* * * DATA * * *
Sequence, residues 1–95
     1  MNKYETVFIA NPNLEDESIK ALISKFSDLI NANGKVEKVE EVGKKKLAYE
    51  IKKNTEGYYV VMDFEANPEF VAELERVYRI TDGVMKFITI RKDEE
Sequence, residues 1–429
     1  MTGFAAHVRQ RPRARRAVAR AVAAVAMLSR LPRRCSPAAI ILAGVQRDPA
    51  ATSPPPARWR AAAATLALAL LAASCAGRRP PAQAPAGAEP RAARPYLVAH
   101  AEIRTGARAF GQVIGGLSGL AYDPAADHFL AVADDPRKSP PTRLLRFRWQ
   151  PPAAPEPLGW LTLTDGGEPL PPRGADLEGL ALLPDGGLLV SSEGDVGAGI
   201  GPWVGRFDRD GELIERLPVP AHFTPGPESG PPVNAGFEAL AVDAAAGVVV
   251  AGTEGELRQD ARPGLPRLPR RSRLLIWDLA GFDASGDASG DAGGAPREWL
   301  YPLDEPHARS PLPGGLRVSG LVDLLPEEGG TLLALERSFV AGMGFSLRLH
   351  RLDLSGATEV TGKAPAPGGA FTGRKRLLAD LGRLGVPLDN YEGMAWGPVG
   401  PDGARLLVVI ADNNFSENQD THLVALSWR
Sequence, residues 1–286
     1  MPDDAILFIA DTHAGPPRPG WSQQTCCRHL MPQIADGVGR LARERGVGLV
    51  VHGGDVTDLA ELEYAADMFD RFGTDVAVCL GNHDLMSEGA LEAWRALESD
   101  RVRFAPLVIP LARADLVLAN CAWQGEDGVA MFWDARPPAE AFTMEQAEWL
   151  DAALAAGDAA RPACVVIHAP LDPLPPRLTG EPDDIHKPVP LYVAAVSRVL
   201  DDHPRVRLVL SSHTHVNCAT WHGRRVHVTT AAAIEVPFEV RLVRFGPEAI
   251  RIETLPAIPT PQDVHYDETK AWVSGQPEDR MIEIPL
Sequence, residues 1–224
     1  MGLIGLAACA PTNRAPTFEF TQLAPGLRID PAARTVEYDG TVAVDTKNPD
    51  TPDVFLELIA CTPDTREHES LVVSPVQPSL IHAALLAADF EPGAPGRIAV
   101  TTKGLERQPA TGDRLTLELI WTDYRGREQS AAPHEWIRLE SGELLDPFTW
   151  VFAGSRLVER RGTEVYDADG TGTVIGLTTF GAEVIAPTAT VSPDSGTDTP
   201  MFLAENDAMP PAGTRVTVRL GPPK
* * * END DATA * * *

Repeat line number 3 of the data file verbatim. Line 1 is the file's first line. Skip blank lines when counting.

    51  IKKNTEGYYV VMDFEANPEF VAELERVYRI TDGVMKFITI RKDEE